IRA accounts invested in stocks, bonds and other financial paper are very lucrative for banks, mutual funds, insurance companies and brokerage houses.

These institutions will gladly act as your trustee (the middlemen in all IRAs) and sell you their wares. But they won’t act as your trustee if you want to buy real estate with IRA money. Why? They’re not in the real estate business.

So you’re pretty much on your own investing in a real estate IRA. You have to find your own property, trustee and perhaps a management company, to collect rents and maintain the property.

‘House power’ to the people
As a practical matter, you’ll find very few professionals who can guide you through the entire process. Housepower has created a manual and audiotapes (priced around $130), but there is no one-stop shopping service you can use. Still, the do-it-yourself process is simple.

Contact an independent trustee for a self-directed IRA. You must find an institution that will open a self-directed IRA and follow your “self-directed” instructions to the letter. It’s not as hard as you may think. Try Mid-Ohio Securities in Elyria, Ohio, or Sterling Trust in Waco, Texas.

Sign broker-to-broker papers that will transfer designated portions of your existing IRA to your self-directed IRA.

Find and buy the property using a real estate attorney to create the usual documents. Remember, you most likely will have to explain IRA ownership to him. The trustee will take title at your direction.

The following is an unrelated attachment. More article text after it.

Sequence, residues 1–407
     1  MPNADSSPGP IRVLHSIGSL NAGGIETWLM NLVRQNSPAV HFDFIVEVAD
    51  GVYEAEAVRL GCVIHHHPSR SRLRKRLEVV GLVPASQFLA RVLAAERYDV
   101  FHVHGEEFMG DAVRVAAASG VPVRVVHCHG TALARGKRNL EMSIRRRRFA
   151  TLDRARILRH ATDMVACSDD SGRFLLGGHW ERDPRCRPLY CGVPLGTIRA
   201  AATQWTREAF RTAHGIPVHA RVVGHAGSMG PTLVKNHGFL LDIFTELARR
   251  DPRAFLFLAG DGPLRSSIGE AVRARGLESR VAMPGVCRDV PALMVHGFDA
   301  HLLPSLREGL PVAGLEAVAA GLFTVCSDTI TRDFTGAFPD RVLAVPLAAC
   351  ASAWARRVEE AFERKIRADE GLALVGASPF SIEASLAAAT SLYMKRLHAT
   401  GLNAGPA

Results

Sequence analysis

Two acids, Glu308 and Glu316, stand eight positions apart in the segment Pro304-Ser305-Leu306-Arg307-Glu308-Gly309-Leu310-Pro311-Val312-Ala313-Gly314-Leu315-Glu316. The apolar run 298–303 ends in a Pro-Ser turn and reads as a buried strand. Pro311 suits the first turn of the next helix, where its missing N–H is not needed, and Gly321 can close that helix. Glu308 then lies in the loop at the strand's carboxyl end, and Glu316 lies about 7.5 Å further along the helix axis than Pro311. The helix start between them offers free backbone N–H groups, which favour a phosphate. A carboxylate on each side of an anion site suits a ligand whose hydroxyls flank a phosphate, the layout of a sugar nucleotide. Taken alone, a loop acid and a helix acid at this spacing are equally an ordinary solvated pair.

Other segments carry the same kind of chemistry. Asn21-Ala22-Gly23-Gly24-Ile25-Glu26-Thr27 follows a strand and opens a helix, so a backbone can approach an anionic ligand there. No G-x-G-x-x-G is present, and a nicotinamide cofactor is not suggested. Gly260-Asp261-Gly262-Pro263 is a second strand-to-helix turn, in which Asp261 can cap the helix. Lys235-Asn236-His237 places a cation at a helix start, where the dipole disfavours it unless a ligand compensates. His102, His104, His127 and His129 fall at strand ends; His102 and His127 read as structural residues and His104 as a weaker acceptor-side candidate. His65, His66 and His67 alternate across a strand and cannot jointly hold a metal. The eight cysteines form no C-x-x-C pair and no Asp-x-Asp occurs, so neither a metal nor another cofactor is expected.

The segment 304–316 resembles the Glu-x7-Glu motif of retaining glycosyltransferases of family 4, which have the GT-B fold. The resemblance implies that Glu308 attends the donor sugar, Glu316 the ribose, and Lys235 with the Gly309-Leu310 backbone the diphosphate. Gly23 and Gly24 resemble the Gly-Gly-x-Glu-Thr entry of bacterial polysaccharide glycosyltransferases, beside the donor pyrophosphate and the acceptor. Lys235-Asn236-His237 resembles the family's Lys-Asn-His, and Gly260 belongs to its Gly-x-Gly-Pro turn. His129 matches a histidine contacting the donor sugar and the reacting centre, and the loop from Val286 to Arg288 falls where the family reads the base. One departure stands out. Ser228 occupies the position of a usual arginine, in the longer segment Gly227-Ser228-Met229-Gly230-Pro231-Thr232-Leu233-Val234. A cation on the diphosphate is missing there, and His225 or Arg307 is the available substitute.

The rules governing real estate IRAs are strict:

  • The house or property must remain in the trust until distribution at retirement.
  • It must be treated like any other investment.
  • You cannot manage the property. But your trustee can hire a third party — a real estate broker, or local manager — to collect rents and maintain or improve the property.
  • All rental profits must be returned to the trustee.

You cannot mortgage your IRA
The biggest drawback of the real estate IRA is that it may lack the funds to make a substantial purchase. At present, it is controversial as to whether your IRA can take a mortgage, or if this would violate several IRS provisions and render all of your IRA assets taxable.

Our advice right now: Don’t use IRA money as a down payment and take a mortgage for the balance due. You’ll have trouble finding a lender who would go along with such an arrangement, anyway.

As the self-directed IRA becomes more popular, however, we hopefully will see clarification of the borrowing rules, and perhaps more lenders willing to make loans.

Meanwhile, a special technique allows you to participate in real estate ownership through your IRA, even if there is not enough in capital to pay for the entire parcel. That technique consists of buying fractional shares of property through the use of a general or limited partnership.

You can pool real estate IRAs for expensive properties
In this way, folks can get together and even buy all kinds of properties. Tenants in office buildings have pooled their IRAs to buy out their landlords.

In fact, a husband and wife can consolidate their IRAs to have more cash for a purchase, or leave them separate and form a partnership.

Remember, you can always get out of your investment. Just direct your trustee to sell your property or interest, and have the funds reinvested elsewhere.

Use the Roth and pay no tax at all later
Or if you are over 59½ , you may withdraw any portion of the proceeds of sale after they are deposited in the IRA. The receipts from the sale must be returned to your IRA account if you are to escape taxation and possible penalties.

The Roth IRA is an ideal vehicle for those who are eligible. If the value of the real estate is expected to appreciate, it would be best to opt for a self-directed Roth IRA in 1998 and pay the taxes over the next four years. In that way, so long as the real estate is not distributed for five years, it will incur no tax when the deed is transferred to you personally.

Assuming you and your spouse eventually live in it before selling, $500,000 of profit is completely tax-exempt.